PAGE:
May 29, 2016
Nanotechnology is the manipulation of matter at near-atomic levels, where unique phenomena enable novel applications. One example of nanotechnology is the use of nanofibers as a performance layer for industrial air filtration applications. To produce a nanofiber layer, an electro-spinning process creates a very fine, continuous, resilient fiber of 0.2 – 0.3 micron in diameter that is then applied to a filtration media substrate material. The nanofibers form a permanent web with very fine interstitial spaces on the surface of the substrate. The web collects dust, dirt and contaminants on the surface of the filter; this offers many benefits over conventional filters built with cellulose, cellulose/synthetic, spunbond, or meltblown commodity filtration media. Although the cost to purchase premium nanofiber performance layer filters for a dust collector can be higher than commodity media filters, a strong argument can be made that the nanofiber layer filters are well-worth the higher price.
Higher initial and ongoing efficiency
A primary function of a dust collector is to control and minimize emissions generated by a manufacturing process. Clean, new filters typically have lower efficiencies (and, therefore, higher emissions) compared to filters with a build-up of dust on them. When clean, a nanofiber layer on the surface of the filtration media captures dust particles better than clean filters without a nanofiber layer, see Figure 1. This performance is made possible through several filtering mechanisms including interception, diffusion and inertial impaction.
But initial efficiency is only a small part of the story. Most industrial dust collectors utilize some method of filter cleaning to manage the build-up of dust on the filter surface over the life of the filter. Each time a filter is cleaned (typically by a reverse-pulse of compressed air), the dust deposited on the filter media is disrupted and an emission-producing event can occur.
With a nanofiber performance layer filter, the collected dust accumulates on the surface of the filtration media rather than within the media and is cleaned off with fewer pulses. Fewer pulses results in fewer potential emission-producing events.
Lower pressure drop across the filtration media saves energy
Most dust collection systems rely on a fan to draw dust-laden air from a contaminant source to a collector and then through the filtration media. The energy (static pressure) required to move the air through the filtration system defines the necessary fan size and, therefore, the effective energy required to operate the system. The restriction created by a filter media and the captured particulate can be a significant contributor to the overall fan energy requirement of a system. In commodity media filters, much of the filtered dust particulate can be driven deep into the media’s pores. This depth-loading of the filtration media cannot be cleaned as well as the surface-loaded particulate with a nanofiber performance layer filtration media.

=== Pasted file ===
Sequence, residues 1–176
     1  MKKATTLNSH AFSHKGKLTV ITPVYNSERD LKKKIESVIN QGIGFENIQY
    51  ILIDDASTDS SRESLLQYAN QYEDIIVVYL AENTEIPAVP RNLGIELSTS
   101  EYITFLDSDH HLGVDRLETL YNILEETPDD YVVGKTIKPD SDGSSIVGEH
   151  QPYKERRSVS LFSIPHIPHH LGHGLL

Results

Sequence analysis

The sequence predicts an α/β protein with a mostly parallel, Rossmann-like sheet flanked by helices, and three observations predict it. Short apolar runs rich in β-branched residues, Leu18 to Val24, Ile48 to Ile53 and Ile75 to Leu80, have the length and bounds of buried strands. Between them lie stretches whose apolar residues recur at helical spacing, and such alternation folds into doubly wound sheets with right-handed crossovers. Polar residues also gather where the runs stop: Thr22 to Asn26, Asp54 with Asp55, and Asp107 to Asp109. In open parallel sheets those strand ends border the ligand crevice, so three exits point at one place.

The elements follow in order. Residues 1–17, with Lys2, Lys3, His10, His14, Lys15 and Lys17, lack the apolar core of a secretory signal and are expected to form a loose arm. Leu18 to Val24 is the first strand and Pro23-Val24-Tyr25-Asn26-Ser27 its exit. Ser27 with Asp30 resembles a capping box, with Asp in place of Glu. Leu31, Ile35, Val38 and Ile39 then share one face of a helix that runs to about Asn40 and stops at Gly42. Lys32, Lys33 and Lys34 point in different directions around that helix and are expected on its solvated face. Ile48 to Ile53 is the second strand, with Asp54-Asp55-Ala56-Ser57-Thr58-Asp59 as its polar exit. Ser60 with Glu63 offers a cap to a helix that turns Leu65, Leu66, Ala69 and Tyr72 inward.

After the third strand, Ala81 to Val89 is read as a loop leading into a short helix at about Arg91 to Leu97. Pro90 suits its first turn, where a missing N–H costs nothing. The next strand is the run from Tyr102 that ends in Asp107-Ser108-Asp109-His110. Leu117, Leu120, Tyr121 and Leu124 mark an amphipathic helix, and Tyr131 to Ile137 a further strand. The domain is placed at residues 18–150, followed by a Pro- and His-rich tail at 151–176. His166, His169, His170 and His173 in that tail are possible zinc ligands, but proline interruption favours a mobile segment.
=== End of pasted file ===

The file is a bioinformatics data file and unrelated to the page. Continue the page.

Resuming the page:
When the captured dust cannot be cleaned from the media depth, higher stable pressure differentials are created across the filtration media and energy demand goes up. Because the nanofiber layer media captures dust on the surface reducing depth loading, it cleans more completely and operates at a lower pressure differential across the filtration media reducing energy demands. Lower restriction across the filtration media results in lower overall system energy requirements and smaller fan requirements when designing a new system and selecting components. Even greater energy savings are possible if the system fan is configured with a variable frequency drive control system.
Less compressed air consumption required for pulse-jet cleaned dust collection systems
This is another advantage of surface-loading nanofiber layer media. As mentioned above, when dust is captured on the surface of a filtration media, it requires much fewer compressed air pulses to clean than a depth-loaded media. Fewer pulses of compressed air results in lower overall compressed air consumption, which in turn, reduces the energy demands on the compressor and the costs for compressor operation.
Longer filter life
Most dust collector filters reach an end of life when the filtration media is fully depth-loaded and can no longer be cleaned to an acceptable degree to allow design airflow with the available fan in the system. Because of the nanofiber efficiency layer and surface loading characteristics, nanofiber layer filters last significantly longer than traditional commodity filter elements.
Longer filter life means buying new filters less frequently, saving considerable money over time. Additionally, longer filter life reduces the frequency of costly operation downtime for filter change maintenance activities.
Flexibility in filter configuration to help solve problems
Nanofiber performance layer media can be produced on a variety of substrate materials and built into many different filter configurations. A nanofiber layer can be applied on cellulose, synthetic, and spunbond media substrates improving the performance of each of these media. The substrates can be selected for their unique anti-static, temperature, or moisture-resistant properties while still obtaining the advantages of the nanofiber performance layer.
Nanofiber performance layer filters have been available as cartridge filters for years, but manufacturers are now offering these media in pleated bag and fluted filter configurations.
The expansion of filter configurations and the availability of premium nanofiber performance layer filters for a broader variety of applications means more dust collector operators can make the switch from commodity filters, reducing their emissions, saving energy and improving their bottom line.
by John Woolever
Donaldson Torit Product Manager